Close Up Of Wood Pellet Bedding
  • Straw – I’ve tried straw before and it works okay, but for the deep litter method it doesn’t seem to be as effective. The chickens don’t scratch around in it as much and it’s harder to stir it. The bonus of using straw is that it’s reasonable absorbent, and the price is affordable…Per bale, it’s about $5.00/bale (give or take) and, depending on the size of your flock, will last for several months by adding a new flake of the bale every so often. I also like the smell of straw. Farm stores carry it, or it can be bought online.
(Photo By Gellinger, Pixabay) Straw Makes Good Bedding For Your Coop.
  • Hemp – This is one that can be effective as well and creates less dust than some of the other bedding choices. It can be easily stirred and spread over the floor and the chickens love to scratch and take dust baths in it. Hemp can be found at the farm stores occasionally, but not as common there. It can be bought online.
Hemp Animal Bedding
(Photo at Wikimedia) Hemp Straw For Coop Bedding.
  • Leaves – Not the best as they can deteriorate quickly, but in the Fall when they are falling it could be a FREE source of bedding.
(Photo by Patrick Connor Klopf on Unsplash) Leaves Bedding For Your Coop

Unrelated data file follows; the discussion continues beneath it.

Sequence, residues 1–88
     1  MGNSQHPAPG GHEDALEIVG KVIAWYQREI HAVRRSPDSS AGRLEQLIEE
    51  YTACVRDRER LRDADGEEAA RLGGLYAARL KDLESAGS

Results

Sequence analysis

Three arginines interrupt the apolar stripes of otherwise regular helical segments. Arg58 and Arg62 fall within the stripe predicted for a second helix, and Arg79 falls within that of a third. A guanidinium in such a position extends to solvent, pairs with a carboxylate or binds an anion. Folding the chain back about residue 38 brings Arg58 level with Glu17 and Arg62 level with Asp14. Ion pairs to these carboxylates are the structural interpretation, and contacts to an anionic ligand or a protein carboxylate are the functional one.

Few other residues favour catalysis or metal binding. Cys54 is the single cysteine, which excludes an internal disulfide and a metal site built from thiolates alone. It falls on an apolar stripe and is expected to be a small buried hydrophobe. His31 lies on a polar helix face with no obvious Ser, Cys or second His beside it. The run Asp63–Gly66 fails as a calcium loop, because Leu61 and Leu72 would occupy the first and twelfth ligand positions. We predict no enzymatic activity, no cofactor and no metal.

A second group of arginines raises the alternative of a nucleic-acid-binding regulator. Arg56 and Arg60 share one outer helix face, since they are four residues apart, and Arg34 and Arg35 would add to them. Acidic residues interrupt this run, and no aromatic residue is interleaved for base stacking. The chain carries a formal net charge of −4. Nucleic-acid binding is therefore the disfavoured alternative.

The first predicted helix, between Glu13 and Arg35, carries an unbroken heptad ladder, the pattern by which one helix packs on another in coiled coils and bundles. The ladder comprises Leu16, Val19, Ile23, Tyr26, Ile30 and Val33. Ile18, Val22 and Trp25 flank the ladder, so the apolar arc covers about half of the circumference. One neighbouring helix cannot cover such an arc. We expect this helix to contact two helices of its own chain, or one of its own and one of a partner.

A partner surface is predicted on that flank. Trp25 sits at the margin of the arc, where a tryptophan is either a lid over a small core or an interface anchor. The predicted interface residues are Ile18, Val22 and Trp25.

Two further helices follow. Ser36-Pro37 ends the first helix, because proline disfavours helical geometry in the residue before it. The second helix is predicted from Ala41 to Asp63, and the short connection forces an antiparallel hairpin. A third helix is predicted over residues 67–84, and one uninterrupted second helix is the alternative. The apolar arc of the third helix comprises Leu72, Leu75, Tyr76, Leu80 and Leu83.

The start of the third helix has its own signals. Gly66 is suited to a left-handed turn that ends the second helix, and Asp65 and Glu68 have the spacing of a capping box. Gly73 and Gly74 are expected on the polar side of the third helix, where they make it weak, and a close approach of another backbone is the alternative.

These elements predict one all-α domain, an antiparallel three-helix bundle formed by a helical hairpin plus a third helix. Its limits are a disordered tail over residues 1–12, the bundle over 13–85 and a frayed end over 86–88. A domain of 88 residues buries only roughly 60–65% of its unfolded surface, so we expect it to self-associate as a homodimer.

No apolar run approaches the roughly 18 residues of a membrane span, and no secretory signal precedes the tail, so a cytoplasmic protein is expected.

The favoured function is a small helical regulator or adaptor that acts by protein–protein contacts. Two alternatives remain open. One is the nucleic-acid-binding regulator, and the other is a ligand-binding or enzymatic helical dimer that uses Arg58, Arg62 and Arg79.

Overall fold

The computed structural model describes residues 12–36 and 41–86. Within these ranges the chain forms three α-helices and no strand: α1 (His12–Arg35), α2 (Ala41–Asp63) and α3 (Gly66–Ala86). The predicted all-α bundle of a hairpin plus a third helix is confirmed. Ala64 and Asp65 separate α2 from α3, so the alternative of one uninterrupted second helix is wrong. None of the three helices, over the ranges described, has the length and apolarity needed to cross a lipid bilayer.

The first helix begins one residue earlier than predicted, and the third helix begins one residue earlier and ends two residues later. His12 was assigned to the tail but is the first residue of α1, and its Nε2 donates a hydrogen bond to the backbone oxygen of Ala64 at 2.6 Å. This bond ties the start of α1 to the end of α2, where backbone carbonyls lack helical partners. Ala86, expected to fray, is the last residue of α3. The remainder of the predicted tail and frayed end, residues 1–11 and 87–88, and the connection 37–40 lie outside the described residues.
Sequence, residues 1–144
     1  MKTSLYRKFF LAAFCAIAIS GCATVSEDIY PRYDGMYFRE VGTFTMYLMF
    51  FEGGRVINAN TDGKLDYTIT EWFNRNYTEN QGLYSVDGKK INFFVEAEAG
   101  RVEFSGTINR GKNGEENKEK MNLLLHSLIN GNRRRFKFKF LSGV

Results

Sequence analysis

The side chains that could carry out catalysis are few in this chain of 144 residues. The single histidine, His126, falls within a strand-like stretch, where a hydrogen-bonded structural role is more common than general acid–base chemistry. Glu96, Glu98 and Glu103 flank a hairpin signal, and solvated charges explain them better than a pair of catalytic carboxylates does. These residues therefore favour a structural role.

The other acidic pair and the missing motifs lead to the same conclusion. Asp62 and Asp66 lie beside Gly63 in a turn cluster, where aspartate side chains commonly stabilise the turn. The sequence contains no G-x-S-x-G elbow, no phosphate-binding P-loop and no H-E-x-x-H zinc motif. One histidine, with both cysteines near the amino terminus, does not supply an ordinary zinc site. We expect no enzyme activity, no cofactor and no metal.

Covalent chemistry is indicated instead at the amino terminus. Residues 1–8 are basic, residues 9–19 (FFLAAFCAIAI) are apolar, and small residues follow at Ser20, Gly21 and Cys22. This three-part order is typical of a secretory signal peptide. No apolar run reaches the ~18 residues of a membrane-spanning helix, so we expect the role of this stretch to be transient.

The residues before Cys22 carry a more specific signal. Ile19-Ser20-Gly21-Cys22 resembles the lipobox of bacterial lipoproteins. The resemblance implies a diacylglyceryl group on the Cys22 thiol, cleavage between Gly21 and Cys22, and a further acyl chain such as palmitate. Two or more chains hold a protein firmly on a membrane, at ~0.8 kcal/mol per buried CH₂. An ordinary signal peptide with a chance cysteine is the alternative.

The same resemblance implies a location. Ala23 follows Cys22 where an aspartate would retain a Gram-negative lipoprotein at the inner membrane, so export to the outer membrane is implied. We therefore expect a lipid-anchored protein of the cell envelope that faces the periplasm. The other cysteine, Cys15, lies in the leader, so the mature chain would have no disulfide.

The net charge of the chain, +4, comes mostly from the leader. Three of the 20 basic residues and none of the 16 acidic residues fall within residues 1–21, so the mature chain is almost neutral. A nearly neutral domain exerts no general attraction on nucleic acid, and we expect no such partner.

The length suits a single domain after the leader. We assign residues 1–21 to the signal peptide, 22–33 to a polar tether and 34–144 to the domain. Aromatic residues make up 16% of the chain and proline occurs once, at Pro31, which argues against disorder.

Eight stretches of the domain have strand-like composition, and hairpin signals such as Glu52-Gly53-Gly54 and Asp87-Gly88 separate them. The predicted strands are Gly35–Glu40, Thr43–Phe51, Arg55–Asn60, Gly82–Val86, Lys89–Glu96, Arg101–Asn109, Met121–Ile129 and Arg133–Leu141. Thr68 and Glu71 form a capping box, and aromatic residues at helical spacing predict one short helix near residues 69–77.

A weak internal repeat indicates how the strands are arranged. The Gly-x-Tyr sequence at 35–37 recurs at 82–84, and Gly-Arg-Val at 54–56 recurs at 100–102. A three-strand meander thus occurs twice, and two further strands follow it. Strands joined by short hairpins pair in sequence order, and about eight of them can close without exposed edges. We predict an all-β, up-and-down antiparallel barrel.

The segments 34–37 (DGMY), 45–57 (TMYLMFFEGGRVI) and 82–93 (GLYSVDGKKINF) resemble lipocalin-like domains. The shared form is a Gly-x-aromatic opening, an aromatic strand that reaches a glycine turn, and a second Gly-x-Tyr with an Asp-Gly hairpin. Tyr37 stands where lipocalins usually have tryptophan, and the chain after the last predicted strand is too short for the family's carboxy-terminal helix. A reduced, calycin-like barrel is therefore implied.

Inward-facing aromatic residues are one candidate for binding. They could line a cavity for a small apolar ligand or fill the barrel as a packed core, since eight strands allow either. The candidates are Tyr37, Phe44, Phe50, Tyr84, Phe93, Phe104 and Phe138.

• Pine Shavings – This one is also pretty good but can get wet fairly easy. If you live in a wetter climate like I do, you may have a hard time keeping it from matting together. The advantage is the smell! Although that quickly goes away when the chickens start doing their thing on it:) Also, chickens aren’t as likely to use it as dust bath. It’s a reasonably priced product, but may not work as well for the deep litter method. Pine shavings can be bought online, pet stores, and farm stores.
(Photo By Goumbik, Pixabay). Pine Shaving Make Great Bedding For Your Coop
  • Hay – Similar to straw but not as absorbent. Personally, I’d only use it if it’s all I had. It works better as a bedding for nest boxes.
Best Bedding For Chickens
(Photo by Annie Spratt on Unsplash) Hay, like livestock eat, can be used as bedding in your coop.
  • Newspaper or recycled paper – It’ll work but gets wet and matted fairly quickly. Probably the least effective for the deep litter method.
Photo by Holger Link on Unsplash. Newspaper As Bedding For Your Coop – Not The Best But It Can Work
  • Other – If you have other types of bedding you like for your coop, they will likely work using this method as well.

When To Clean Your Coop When Using The Deep Litter Method

As stated earlier, you don’t have to clean your coop very often when using the deep litter method – how awesome is that! But having said that, you still have to clean it out once in awhile.